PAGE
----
Crime and Punishment (Gwen Moritz Editor's Note)

by Gwen Moritz  on Monday, Oct. 15, 2012 12:00 am  

Gwen Moritz

I spent a recent afternoon watching the federal court hearing that culminated with Garret Sorensen being sentenced to 33 months in prison for defrauding his former employer, the USA Drug pharmacy chain. I did not come away satisfied.

When Sorensen's case became public in 2009, I assumed that he and his wife and her sister were exactly the conniving criminals that federal prosecutors described in their indictment. But as the case heated up - especially last fall, when private attorneys and federal prosecutors went to extraordinary lengths to make sure members of the LaFrance family that owned USA Drug would not have to answer any questions under oath - I became convinced that the story was more complicated.

I was truly surprised when Sorensen suddenly pleaded guilty in May on the very day he and his wife and sister-in-law were to go on trial. He admitted guilt, and the charges against Katie Sorensen and Shannon Walters were immediately dropped. Here I'll rely on the words of Katie's defense attorney, Erin Cassinelli, as reported in the Arkansas Democrat-Gazette: "I'm not saying Garret's innocent, but the process of indicting spouses and family members, when they're not the clear-cut person responsible for something. ... It makes me question the voluntary nature of pleas."

I definitely am not saying that Sorensen was innocent of any wrongdoing, but I'm not persuaded that what he did wrong was criminal. I thought he had a pretty good chance of convincing a jury that he believed this his college fraternity brother, Stephen LaFrance Jr., son of the company founder, had approved his income-supplementing plan to set up a side business to place USA Drug advertising inserts in newspapers. If so, the remaining question - whether he and his wife and her sister actually performed the service adequately - would make for a routine civil lawsuit.

But Sorensen did plead guilty and did admit criminal wrongdoing. So then I started to think that U.S. District Judge Bill Wilson, who had witnessed and (temporarily) sanctioned the prosecutorial shenanigans, might come to the same conclusion that I had. I thought he might actually throw out the sentencing guidelines - which are just guidelines - and sentence Sorensen to probation and restitution.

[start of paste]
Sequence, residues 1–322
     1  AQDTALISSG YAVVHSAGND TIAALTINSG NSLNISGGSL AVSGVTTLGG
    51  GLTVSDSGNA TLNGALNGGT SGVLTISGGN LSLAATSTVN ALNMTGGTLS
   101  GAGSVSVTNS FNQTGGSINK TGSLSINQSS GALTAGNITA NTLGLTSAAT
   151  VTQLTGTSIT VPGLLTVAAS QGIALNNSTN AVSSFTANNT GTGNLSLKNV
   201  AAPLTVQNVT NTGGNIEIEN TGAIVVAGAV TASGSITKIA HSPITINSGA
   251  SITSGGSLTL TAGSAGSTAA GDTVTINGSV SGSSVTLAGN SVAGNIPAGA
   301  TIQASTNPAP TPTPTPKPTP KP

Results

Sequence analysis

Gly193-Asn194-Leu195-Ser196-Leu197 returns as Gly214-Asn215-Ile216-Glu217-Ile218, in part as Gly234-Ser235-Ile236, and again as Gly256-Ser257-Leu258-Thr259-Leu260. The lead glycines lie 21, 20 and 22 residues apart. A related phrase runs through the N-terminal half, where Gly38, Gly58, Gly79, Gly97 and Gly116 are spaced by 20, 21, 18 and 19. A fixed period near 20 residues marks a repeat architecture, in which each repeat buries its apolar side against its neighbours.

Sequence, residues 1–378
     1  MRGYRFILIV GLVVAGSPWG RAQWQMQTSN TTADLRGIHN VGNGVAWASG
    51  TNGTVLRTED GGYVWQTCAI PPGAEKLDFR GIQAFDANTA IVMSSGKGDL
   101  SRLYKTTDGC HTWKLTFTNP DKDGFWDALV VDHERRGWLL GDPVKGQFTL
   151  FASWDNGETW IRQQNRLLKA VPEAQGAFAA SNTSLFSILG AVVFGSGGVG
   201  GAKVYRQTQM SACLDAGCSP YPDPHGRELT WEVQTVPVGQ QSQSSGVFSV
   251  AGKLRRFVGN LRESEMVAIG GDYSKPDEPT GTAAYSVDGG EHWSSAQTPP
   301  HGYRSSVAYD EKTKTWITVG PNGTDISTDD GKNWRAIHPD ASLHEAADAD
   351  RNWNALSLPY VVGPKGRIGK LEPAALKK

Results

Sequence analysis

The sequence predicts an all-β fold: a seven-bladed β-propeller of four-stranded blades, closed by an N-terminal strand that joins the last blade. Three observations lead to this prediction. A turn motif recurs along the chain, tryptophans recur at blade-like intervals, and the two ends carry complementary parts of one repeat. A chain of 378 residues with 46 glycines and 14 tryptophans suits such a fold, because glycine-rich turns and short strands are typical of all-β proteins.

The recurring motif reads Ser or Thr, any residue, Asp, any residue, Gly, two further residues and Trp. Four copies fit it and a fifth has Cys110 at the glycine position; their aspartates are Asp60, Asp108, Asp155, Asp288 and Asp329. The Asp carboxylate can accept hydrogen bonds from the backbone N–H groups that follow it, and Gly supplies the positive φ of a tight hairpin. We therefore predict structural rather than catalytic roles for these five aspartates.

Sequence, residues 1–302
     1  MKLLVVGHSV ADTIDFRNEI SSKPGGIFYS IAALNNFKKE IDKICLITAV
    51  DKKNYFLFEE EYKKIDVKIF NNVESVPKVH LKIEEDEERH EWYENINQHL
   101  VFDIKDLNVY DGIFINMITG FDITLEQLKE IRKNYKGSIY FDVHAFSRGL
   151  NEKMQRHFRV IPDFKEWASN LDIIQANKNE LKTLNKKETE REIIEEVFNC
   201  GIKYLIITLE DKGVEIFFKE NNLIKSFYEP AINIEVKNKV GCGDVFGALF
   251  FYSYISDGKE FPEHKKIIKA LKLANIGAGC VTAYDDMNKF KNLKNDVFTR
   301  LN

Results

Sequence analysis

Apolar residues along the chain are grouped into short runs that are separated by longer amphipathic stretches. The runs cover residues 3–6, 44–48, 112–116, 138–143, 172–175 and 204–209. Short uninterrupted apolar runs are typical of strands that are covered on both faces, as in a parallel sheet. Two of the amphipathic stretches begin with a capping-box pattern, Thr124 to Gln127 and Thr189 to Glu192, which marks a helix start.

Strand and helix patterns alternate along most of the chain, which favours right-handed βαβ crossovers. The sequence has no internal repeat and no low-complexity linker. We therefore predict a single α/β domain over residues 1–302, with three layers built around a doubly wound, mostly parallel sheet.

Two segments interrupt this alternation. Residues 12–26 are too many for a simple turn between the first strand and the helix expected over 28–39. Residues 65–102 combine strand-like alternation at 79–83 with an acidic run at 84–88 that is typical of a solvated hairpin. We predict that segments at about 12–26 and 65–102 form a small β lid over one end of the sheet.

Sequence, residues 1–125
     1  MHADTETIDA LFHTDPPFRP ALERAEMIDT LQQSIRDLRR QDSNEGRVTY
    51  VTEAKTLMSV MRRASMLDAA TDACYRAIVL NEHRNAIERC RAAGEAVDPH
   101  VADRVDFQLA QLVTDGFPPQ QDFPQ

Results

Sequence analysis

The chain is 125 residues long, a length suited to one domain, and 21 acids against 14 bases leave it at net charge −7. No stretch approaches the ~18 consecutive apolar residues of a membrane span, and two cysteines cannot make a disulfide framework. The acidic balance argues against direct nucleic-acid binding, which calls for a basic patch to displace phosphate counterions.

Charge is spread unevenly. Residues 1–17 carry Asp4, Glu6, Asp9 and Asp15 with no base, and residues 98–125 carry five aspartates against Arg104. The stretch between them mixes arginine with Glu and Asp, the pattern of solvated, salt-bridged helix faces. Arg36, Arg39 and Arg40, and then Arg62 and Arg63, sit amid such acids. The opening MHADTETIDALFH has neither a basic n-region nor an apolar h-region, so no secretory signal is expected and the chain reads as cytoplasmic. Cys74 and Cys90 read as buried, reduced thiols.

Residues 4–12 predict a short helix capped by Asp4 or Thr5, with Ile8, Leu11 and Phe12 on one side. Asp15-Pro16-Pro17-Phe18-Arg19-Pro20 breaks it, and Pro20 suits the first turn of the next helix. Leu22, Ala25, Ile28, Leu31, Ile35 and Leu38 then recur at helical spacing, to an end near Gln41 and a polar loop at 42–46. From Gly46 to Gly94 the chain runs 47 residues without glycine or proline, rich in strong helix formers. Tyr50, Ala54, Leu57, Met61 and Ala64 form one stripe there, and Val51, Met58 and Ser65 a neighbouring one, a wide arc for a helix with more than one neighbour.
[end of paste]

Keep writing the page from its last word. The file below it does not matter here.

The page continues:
After all, the restitution that Sorensen was ultimately ordered to pay - just under $300,000 - is almost identical to the bonus that Lu Hardin finagled out of the University of Central Arkansas under false pretenses. And Wilson's colleague on the federal bench, U.S. District Judge James Moody, gave Hardin probation just a year ago.

There are differences, of course. The guideline sentencing range under Sorensen's plea deal was 33-41 months, enhanced in part because he admitted abusing his position of trust at USA Drug. But in the plea deal Hardin struck, the government specifically - astonishingly - agreed not to ask for any enhancement to his sentence because of his abuse of a position of trust.

The fact that Lu Hardin abused the trust of the entire state of Arkansas in order to feed a gambling addiction is beside the point. Legally, he didn't. His guideline sentence range was 18-24 months.

Then it was cut in half, to nine to 12 months, because Hardin cooperated in another federal investigation. We still don't know what that was about or its value to society, but it was certainly valuable to Hardin. It reduced his recommended sentence to the point that Moody let him stay out of prison and called Hardin's calculated crime an "aberration" from "a life well lived."

It always struck me as strange that a man who had lived such a good life would not only admit to his own crime but also have knowledge of another.

At any rate, Garret Sorensen was not lucky enough to have something to trade for a more lenient sentencing guideline. Nor was he lucky enough to get a judge who saw his one and only crime, one that was at least as dependent on his specific circumstances at USA Drug as Hardin's was at UCA, as an aberration that did not require incarceration. He'll be going away for almost three years. But at least his wife and sister-in-law are off the hook.

I used to feel pretty good about the justice being meted out by the federal courts in the Eastern District of Arkansas, but the Hardin and Sorensen cases have shaken that confidence.

(Gwen Moritz is editor of Arkansas Business. Email her at GMoritz@ABPG.com.)

 

 

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